Francis explicitly rejects the approach of finding some well-targeted policies: “Given the scale of change, it is no longer possible to find a specific, discrete answer for each part of the problem. It is essential to seek comprehensive solutions which consider the interactions within natural systems themselves and with social systems. We are faced not with two separate crises, one environmental and the other social, but rather with one complex crisis which is both social and environmental. Strategies for a solution demand an integrated approach to combating poverty, restoring dignity to the excluded, and at the same time protecting nature” (§ 139). He also makes sure that the subject matter of the encyclical isn’t just global warming, or even pollution in general, but also global poverty, weak institutions, and all the social ills that he alleges are the result of a “technocratic paradigm” (§ 109)—a “cult of unlimited human power” (§ 122)—that has gripped the modern world. Naturally, the only solution is a “bold cultural revolution” (§ 114), which involves worker co-operatives (§§ 112, 179), because of course it does.

    It would be bad enough that Francis grossly mischaracterizes the nature of the problem if he did not also condemn solutions to it that would actually work. Weirdly, he claims that cap-and-trade doesn’t work, substantiating that assertion with precisely no evidence (§ 171).

    This is seriously disappointing, particularly because Francis nicely captures the ways in which climate change *is* a moral issue, since it will cause the greatest harm to the people in poor countries who are least responsible for the occurrence of climate change. And I suppose it’s nice that such a politically influential figure is coming out in favour of international cooperation to fight environmental problems. But the approach Pope Francis advocates to solving environmental problems is so misguided that I can’t feel very good about it.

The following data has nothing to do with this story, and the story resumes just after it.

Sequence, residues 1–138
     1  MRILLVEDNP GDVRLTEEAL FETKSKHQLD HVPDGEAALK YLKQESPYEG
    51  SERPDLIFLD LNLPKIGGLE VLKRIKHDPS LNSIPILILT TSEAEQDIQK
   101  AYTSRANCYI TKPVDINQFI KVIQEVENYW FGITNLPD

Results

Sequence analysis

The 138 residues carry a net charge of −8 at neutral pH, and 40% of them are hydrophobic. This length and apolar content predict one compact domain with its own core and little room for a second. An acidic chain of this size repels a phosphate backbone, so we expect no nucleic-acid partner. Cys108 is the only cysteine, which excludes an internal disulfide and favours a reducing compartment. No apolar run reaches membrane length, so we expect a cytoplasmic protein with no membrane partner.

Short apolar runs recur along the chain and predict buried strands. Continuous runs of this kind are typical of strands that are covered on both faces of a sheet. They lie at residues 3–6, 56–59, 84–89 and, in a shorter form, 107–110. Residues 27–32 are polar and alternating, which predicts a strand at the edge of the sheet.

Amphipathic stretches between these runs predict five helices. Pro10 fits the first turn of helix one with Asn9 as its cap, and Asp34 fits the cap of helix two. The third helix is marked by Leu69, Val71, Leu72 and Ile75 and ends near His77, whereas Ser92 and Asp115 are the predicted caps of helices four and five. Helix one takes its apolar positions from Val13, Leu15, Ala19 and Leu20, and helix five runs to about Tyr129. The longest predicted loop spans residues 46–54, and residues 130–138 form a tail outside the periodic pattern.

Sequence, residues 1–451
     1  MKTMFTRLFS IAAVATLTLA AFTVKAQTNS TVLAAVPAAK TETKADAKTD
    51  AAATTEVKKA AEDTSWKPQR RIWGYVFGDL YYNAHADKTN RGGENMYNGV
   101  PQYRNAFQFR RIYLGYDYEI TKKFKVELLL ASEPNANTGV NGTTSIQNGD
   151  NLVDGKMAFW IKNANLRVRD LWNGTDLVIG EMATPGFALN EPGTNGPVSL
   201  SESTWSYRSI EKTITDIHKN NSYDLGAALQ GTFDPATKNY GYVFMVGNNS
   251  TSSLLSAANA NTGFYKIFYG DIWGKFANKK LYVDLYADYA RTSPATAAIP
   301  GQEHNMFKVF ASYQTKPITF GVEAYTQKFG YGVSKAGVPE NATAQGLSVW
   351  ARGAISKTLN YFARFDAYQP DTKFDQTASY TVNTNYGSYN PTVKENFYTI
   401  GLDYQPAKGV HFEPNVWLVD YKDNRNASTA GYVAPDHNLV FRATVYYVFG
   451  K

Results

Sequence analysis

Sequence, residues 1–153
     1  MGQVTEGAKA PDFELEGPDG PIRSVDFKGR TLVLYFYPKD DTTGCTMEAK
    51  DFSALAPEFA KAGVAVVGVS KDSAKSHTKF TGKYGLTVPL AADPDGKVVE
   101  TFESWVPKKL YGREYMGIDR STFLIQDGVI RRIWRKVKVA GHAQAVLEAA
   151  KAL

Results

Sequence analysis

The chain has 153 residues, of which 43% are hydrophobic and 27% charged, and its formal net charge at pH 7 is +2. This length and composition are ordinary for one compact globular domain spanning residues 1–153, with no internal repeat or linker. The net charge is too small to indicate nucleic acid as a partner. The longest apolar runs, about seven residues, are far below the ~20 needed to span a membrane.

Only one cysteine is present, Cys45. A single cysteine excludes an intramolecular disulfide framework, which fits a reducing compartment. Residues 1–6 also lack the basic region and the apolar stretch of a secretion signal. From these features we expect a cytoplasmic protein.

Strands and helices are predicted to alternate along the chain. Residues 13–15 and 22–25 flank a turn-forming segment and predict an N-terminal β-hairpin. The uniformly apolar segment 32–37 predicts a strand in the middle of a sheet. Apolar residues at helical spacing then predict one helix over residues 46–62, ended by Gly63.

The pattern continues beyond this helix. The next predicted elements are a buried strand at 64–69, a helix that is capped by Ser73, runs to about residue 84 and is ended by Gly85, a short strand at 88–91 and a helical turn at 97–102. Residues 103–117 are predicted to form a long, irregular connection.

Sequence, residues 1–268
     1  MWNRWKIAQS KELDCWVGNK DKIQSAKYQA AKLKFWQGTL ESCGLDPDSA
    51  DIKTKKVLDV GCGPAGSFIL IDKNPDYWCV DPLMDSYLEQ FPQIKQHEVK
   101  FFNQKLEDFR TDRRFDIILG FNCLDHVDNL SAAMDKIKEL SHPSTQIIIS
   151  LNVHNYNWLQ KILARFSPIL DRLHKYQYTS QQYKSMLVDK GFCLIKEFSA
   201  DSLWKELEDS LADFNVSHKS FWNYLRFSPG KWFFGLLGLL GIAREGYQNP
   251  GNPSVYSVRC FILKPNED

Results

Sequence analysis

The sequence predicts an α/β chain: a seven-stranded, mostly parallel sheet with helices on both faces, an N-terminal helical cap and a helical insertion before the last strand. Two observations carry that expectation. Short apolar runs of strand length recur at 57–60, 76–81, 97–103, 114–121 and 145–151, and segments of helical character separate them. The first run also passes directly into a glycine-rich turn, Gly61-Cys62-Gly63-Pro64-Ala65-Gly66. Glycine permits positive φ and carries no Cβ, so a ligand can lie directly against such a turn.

3. Part of the problem surely lies in the Pope’s reading list. Notice that throughout the encyclical, there’s not a single reference to anyone outside the Catholic theological tradition. There’s no evidence that Francis is widely read on the relevant philosophy, economics, or social science. That’s fine if all he’s expecting to do is rally the troops by having a conversation among insiders. But it’s another reason why his argument is unlikely to find much of an audience outside his own tradition.

  4. How can a market-based approach to controlling greenhouse-gas emissions reflect the moral principle of efficiency while at the same time refusing to judge the relative merits of people’s desires? Doesn’t it judge those who desire efficiency favourably?

  5. Our best hope for clean power is to start investing in nuclear power, but to do so we need to undo the decades of damage done by environmentalist groups railing against it based on poor understanding of the science. Sometimes I really do think these people are misanthropic.

    • I think the events in Japan demonstrated that catastrophic failures of nuclear plants are still possible and can have great environmental consequences. Even without this sort of black swan risk, nukes remain capital intensive and highly inflexible. Electricity conservation is having a greater impact every year, and coupled with the increasing viability of local battery storage, it’s apparent that the future growth market for electricity generation will be distributed renewable generation (i.e. solar and wind) and other forms of highly efficient distributed generation like small scale natural gas and combined heat and power faculties. Furthermore, large-scale energy storage will facilitate electricity peak-shifting that will likely reduce the economic case for nuclear expansion to zero over the next 20-30 years, at least in developed countries.

  6. Just as waiting around for everybody to achieve a spirituality-based commitment to needed action is impractical and too slow, might one not also ask if merely calling for global taxation schemes is specific and speedy enough? We need to take quick, concrete steps to start radically rebuilding our polluting, resource-wasting infrastructures, not least the ones that compel us North Americans to rely on automobiles for so much of our mundane locomotion. Isn’t waiting for tough global cap-and-trade to compel such reform itself a rather abstract, slow, and blunt approach? Don’t we also need pointed explanations of the problems and corruptions with things like cars-first transportation?